CRAWFORD, Texas – The Bush administration will not exempt California from a rule requiring that gasoline contain clean-burning additives such as corn-based ethanol. The decision has far-reaching consequences for the oil industry and Midwestern farmers.
The Environmental Protection Agency concluded the requirement was vital to clean-air efforts in the largest state, and was expected to issue the decision as early as Tuesday, three administration officials said Saturday.
Bush gave strong hints about the decision during a trip Friday to Iowa, his third to the state since taking office.
"I still strongly believe that ethanol is important, not only to reduce dependency upon foreign sources of energy, but also as a source and a way to clean the air," said Bush, who was spending the weekend at his Texas ranch.
The request came from Democratic Gov. Gray Davis of California. Bush, who lost the state in the presidential election, also has rejected Davis' request for federal price caps to ease California's power crisis.
Davis spokesman Roger Salazar said he could not comment directly on the decision because the governor had not been notified of it officially. But he said rejection of the waiver request could increase the cost of producing gasoline with enthanol and drive pump prices up. "In the short term, oxygenates do nothing to improve air quality," Salazar added.
Two years ago, Davis banned the use of MTBE, which adds oxygen to help fuel burn more cleanly but has tainted water supplies. He ordered that the additive be phased out after 2002. That would leave gasoline refiners to meet the federal requirement with the other widely available oxygenate, ethanol.
Davis asked the Clinton administration to waive the federal oxygenate requirement entirely, arguing that California no longer needed an additive because refiners had other ways to make gasoline blends cheaper and cleaner.
Rep. Henry Waxman, D-Calif., who chaired a House subcommittee that helped draft the Clean Air Act in 1990, said Saturday he was stunned by the decision since requiring an oxygenate in the fuel could harm consumers and the environment.
"It really is an unbelievable decision. It's incomprehensible to me, because if the waiver had been granted it wouldn't have any environmental consequences because the Clean Air (Act) requirements would still have to be met," he said.
"President Bush's actions can lead to higher prices for gasoline and possible shortages in California," he said. "At some point, the president is going to have to decide whether he's president for the entire country or just for those states that voted for him."
Chevron already makes such a gasoline blend but cannot sell it in the 70 percent of California that falls under the oxygenate rule because of air pollution.
California officials also argued that the current requirement could raise gas pump prices as much as a nickel a gallon, once MTBE was phased out.
But the EPA, after consultations with the White House, rejected Davis's plea, concluding the environmental benefits of the oxygenate rule were too important, said an administration official, speaking on condition of anonymity.
Davis's fuel waiver request had languished until now, complicated by political factors and the change of administrations.
Bush is assiduously courting Iowa, a major supplier of corn, looking ahead to the 2002 congressional elections and to his own potential re-election contest in 2004. He lost the state to Democrat Al Gore by fewer than 5,000 votes last November.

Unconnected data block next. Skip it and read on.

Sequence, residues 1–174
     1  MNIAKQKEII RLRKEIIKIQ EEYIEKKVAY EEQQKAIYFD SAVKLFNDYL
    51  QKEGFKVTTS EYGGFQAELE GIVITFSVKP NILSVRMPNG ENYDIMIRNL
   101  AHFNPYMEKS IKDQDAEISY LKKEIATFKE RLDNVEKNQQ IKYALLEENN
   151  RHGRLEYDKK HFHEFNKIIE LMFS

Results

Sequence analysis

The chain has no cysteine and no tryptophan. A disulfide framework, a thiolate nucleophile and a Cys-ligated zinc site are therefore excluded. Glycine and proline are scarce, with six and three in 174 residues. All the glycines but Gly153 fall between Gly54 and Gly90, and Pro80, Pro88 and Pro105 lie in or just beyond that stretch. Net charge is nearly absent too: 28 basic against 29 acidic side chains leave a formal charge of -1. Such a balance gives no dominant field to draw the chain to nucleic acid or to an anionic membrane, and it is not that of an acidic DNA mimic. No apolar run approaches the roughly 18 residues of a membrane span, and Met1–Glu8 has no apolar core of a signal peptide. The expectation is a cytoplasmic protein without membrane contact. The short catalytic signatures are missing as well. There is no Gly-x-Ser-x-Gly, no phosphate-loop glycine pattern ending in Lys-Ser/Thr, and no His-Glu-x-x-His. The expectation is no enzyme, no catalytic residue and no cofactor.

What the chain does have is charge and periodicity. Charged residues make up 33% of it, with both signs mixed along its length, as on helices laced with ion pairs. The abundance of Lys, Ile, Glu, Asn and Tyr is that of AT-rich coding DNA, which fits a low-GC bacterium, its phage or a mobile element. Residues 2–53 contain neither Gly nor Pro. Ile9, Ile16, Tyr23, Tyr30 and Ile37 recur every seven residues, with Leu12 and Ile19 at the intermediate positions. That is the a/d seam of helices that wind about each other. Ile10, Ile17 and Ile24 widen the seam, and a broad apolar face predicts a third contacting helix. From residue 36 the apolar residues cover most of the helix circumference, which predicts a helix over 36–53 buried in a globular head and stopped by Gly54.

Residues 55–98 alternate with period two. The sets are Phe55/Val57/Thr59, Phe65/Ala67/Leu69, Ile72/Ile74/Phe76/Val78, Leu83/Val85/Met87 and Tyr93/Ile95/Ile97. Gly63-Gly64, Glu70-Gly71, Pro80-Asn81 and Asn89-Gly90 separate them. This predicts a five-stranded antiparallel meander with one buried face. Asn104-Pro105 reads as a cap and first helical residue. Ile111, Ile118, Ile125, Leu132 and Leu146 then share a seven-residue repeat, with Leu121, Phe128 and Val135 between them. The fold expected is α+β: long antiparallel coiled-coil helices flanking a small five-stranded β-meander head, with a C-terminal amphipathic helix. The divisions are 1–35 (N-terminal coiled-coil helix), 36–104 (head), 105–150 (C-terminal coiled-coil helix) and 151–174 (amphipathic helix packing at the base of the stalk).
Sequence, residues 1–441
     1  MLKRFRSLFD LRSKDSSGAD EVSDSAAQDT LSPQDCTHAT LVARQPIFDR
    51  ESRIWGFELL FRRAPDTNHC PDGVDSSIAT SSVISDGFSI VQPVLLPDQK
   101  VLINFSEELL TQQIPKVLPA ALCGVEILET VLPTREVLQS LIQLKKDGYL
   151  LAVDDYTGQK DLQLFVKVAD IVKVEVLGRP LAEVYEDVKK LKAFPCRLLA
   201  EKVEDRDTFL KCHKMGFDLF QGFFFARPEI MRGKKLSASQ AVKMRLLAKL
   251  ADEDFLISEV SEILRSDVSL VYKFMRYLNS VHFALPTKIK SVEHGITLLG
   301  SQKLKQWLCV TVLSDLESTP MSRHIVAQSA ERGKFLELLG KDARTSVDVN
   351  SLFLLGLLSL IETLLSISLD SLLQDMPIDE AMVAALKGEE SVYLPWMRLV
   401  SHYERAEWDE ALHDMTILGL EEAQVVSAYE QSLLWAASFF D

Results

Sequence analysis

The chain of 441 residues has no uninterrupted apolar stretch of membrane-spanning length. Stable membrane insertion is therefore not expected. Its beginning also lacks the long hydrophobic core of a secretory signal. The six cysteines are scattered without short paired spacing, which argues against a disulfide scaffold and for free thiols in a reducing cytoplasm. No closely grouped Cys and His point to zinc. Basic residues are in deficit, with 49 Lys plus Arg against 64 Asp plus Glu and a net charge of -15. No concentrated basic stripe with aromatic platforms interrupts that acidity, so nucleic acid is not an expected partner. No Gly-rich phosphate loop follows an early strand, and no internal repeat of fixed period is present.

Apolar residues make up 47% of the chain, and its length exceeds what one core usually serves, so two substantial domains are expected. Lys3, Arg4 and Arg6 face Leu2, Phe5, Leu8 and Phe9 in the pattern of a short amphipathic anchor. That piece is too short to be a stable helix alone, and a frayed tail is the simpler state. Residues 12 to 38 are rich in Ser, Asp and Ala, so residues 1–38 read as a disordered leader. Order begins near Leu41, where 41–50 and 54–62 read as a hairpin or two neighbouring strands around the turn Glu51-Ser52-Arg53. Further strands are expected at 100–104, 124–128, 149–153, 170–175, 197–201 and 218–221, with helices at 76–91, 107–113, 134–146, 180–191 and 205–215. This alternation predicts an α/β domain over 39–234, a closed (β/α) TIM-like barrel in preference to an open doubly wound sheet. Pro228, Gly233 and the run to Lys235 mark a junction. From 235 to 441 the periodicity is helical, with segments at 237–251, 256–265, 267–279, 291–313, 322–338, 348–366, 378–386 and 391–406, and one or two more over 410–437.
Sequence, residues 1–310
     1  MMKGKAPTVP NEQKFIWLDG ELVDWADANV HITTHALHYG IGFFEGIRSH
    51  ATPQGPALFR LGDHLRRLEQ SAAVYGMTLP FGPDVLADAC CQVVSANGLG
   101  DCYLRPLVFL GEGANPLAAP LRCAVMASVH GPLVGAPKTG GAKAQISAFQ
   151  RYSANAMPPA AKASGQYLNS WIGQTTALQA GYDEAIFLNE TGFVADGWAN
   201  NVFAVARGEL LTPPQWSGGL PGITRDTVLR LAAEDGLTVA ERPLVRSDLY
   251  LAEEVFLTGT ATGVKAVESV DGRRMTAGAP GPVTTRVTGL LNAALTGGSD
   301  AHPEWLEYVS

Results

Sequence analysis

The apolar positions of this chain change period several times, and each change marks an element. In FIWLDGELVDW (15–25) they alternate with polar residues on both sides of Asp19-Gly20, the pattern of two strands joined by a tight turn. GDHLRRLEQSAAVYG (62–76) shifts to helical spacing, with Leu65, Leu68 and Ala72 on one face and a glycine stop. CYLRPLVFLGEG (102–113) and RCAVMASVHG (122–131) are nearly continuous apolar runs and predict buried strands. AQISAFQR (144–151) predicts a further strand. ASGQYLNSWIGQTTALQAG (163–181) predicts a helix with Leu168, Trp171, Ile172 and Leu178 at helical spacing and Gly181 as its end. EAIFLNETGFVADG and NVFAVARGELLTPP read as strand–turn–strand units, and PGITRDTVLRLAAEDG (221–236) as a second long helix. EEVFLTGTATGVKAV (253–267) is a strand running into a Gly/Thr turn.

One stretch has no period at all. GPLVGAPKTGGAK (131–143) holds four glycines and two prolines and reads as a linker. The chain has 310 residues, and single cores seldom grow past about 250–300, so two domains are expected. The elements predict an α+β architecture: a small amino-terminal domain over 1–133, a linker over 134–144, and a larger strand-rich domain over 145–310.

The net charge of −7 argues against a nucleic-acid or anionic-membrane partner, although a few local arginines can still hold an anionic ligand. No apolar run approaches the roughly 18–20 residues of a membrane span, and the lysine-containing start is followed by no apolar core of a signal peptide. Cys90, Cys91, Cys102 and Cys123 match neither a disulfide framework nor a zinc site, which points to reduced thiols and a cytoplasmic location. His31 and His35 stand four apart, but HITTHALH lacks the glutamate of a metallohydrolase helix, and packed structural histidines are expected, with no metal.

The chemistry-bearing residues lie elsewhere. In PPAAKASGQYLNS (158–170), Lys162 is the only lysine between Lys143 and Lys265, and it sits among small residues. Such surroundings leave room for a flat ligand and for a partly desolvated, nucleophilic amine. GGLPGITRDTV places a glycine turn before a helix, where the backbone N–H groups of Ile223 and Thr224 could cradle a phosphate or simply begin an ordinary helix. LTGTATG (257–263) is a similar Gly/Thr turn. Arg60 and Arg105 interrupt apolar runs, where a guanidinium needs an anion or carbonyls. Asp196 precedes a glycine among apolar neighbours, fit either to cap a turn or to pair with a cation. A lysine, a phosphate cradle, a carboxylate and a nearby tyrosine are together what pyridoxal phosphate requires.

Farm groups and their ethanol-producing partners have lobbied intensely against the waiver, reminding administration officials that corn-producing states in the Midwest were generally behind Bush in the election.
One of the biggest ethanol producers, Archer Daniels Midland, contributed more than $500,000 to Republicans during the past two years, including $100,000 to Bush's inauguration.
The stakes are immense for corn-producing states: An estimated 580 million gallons of ethanol a year will be needed to supply California alone under the oxygenate rule.
Sen. Charles Grassley, R-Iowa, is among those who has been seeking a decision from Bush.
In an interview aboard Air Force One on Friday, Grassley said Bush had told him recently: "I don't know how I'm going to do it, or when I'm going to do it, but I think you'll like what we're going to say."
Petroleum companies, also historical allies of Bush, a Texas oil man himself, have pushed for the waiver. They contended the oxygenate requirement has contributed to difficulties that come with making "boutique" fuels for different regions, adding to supply and distribution problems.
In its national energy strategy issued last month, the administration echoed that call for a simplification of the patchwork of fuel requirements around the nation.
If California, with the country's toughest air pollution requirements, were exempted from having to use an oxygenate in gas, other states, led by a group in the Northeast, almost certainly would have sought similar help.
Because of concern about MTBE water contamination, 11 states have banned the additive, although most of the prohibitions will be phased in.
Environmentalists said the administration was preventing California from deciding for itself how best to protect the public health and clean air and drinking water supplies.
"Granting the waiver would help consumers and help air quality, yet the Bush administration seems to be making a decision based on the MTBE manufacturers and the oil industry," Alys Campaigne, legislative director for the Natural Resources Defense Council, said Saturday. "It's imposing an unnecessary federal mandate which seems out of keeping with Bush's tendency to give states a prominent role in decision-making."